McNulty highlights post-referendum impact on Newry & Armagh

July 4, 2016

SDLP MLA Justin Mc Nulty has raised a number of post referendum concerns pertaining to a range of issues in his constituency of Newry and Armagh.

Speaking during the Final stage of the Budget Bill in the Assembly Mr McNulty pointed out that an estimated 30,000 people cross the border every day – a large proportion of whom are from his own constituency – and many are worried about the consequences as a result of the referendum.

“The result has huge ramifications, not only for people in Newry and Armagh but for Ireland. I have spoken to our farmers in south Armagh, and they want to know if the single farm payment is guaranteed for the next two years, they want to know if the export of live lamb to the South will continue,” he said.

“People in our tourism industry are worried about the images we are sending out to the world.  I have met industry [representatives] in Newry city. They are worried about their competitiveness. Will there be tariffs?  They need answers.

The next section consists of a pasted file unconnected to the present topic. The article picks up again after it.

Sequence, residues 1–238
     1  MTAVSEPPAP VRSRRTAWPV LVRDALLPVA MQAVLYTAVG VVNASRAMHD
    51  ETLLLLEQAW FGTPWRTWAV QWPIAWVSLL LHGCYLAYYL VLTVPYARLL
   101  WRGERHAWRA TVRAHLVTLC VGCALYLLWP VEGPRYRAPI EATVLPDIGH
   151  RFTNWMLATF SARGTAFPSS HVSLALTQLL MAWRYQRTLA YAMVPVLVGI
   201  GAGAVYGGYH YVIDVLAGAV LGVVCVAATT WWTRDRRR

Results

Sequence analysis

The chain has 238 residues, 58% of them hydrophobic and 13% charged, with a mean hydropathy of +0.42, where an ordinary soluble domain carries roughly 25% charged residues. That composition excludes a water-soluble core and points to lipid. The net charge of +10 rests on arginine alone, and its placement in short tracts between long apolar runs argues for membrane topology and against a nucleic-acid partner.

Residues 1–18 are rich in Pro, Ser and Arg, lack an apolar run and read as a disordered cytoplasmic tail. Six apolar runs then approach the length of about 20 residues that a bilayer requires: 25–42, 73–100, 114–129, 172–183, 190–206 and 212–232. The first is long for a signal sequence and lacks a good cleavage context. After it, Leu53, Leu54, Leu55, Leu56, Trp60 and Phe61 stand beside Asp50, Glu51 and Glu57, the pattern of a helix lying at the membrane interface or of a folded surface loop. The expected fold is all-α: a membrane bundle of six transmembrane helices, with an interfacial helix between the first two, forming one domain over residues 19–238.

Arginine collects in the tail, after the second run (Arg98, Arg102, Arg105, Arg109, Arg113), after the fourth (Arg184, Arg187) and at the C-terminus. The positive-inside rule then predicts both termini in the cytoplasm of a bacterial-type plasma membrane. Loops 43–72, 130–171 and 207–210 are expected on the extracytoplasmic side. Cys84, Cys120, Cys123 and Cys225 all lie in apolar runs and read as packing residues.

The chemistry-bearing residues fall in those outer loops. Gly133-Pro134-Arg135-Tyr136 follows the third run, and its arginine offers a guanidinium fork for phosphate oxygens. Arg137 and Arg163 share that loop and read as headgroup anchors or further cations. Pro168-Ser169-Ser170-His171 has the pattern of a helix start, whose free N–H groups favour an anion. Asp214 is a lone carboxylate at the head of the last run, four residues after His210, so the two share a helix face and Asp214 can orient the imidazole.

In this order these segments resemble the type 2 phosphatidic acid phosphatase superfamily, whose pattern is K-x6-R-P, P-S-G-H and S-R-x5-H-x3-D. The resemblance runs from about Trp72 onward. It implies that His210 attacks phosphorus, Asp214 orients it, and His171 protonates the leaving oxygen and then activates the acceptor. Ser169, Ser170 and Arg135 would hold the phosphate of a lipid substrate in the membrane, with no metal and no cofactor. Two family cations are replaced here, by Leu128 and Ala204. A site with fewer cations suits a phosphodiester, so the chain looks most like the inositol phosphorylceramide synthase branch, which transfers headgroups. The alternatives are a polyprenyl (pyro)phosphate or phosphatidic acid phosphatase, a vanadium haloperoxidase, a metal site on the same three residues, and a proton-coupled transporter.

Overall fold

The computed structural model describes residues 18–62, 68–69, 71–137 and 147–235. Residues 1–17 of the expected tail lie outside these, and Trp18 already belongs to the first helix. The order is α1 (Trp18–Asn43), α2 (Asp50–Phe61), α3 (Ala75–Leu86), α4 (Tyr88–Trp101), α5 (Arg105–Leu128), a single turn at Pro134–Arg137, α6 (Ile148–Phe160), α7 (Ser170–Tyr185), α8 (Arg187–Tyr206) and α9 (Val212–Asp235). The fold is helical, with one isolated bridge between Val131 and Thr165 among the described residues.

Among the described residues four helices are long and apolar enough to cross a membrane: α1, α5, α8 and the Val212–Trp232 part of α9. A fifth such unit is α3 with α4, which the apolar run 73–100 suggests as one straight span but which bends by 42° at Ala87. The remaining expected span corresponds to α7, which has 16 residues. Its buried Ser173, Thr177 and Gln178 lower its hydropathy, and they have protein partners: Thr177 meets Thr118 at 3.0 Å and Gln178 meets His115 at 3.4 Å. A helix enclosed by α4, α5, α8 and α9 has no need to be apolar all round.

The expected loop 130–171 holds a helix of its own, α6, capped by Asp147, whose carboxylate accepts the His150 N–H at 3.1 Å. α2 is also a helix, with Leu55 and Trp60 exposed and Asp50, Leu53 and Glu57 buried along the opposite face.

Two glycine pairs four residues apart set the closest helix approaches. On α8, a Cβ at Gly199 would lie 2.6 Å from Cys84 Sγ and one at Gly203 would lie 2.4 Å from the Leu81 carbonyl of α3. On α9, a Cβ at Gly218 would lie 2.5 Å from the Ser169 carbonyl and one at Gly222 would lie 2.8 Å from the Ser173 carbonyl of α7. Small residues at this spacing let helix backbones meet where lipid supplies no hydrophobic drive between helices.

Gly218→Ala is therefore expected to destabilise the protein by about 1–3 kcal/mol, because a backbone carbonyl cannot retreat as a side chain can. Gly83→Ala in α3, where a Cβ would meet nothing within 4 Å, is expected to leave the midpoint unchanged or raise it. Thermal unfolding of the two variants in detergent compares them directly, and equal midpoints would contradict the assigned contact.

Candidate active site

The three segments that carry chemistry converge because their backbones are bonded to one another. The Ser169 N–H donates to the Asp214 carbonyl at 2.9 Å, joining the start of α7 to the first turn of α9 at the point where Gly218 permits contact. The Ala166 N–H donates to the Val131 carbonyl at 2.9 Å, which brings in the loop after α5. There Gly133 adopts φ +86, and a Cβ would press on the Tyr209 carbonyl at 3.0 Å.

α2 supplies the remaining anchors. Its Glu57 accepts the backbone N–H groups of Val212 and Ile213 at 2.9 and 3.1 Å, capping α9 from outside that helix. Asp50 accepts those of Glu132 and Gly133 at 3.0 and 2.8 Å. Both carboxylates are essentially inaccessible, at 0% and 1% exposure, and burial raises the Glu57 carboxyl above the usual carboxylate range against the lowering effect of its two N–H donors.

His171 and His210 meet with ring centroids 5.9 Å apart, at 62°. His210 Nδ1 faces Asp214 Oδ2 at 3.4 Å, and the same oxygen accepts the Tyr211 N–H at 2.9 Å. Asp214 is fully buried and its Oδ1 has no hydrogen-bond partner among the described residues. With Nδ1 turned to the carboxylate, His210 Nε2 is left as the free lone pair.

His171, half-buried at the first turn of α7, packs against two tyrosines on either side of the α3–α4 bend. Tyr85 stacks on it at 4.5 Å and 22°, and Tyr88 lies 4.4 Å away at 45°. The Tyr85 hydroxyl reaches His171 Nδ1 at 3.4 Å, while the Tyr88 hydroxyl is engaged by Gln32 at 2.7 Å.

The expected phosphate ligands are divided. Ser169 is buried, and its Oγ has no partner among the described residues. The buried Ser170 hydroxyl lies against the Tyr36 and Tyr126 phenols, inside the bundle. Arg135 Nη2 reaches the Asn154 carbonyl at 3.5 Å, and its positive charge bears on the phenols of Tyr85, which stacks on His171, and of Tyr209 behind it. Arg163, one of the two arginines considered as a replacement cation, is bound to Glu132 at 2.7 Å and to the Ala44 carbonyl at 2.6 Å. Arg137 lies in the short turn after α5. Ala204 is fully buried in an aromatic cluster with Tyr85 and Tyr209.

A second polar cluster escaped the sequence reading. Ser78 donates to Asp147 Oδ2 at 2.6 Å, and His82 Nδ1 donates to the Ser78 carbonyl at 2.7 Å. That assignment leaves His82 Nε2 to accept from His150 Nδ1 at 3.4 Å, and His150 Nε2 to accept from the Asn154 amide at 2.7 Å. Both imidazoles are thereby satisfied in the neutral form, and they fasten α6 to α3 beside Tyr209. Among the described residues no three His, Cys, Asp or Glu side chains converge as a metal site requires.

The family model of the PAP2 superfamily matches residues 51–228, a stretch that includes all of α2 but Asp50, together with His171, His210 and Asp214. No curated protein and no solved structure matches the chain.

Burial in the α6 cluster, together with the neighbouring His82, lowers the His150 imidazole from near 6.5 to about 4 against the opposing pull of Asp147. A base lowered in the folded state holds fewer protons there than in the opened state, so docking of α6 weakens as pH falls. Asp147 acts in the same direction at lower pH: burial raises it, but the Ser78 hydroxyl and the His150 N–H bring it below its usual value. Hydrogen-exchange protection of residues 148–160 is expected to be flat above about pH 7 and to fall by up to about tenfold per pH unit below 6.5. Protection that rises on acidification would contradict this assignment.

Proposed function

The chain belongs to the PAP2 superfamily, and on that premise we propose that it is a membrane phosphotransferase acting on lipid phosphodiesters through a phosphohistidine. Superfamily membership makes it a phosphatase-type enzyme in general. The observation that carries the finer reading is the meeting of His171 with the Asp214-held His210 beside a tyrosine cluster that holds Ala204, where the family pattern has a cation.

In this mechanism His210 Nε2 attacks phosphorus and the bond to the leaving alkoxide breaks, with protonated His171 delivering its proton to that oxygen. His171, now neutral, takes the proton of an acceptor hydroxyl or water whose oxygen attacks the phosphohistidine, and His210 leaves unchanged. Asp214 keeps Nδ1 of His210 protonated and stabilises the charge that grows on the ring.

“What are the implications for Invest NI? An outcome of [the referendum] decision is that access to the Single Market now has a big question mark over it. Will Invest NI have no certainty for two and a half years? What do they do now? Do they just press the pause button?” he asked.

“I have spoken to our voluntary and charitable sector. They say that, without EU funding, they will not have the funding to support jobs, which are the mainstay of the projects.  I have spoken to our tradesmen, men who leave in their vans for Dublin every morning. They are worried about the impact that Brexit will have on them.”

Mr McNulty revealed that many major stakeholders now do not know the status of their budget: “The QUB cancer researchers, the aeronautical researchers and other higher education research departments rely heavily on EU funding. For us to remain competitive, we need a strong tertiary education system with strong research functions. Who will provide the funding to ensure that this essential work continues?”

Now is the time to see leadership from First Minister Arlene Foster, he said.

“We need to see her plan. This has so many implications across our society and across our Ireland.  On this island, 30 out of 32 counties want to remain part of the EU. Our leadership has a duty to be conciliatory and not triumphalist. The DUP needs to reflect on the divisive nature of this outcome. The SDLP will be there to protect the Good Friday Agreement and to ensure that we get the best deal possible for our people and place,” he added.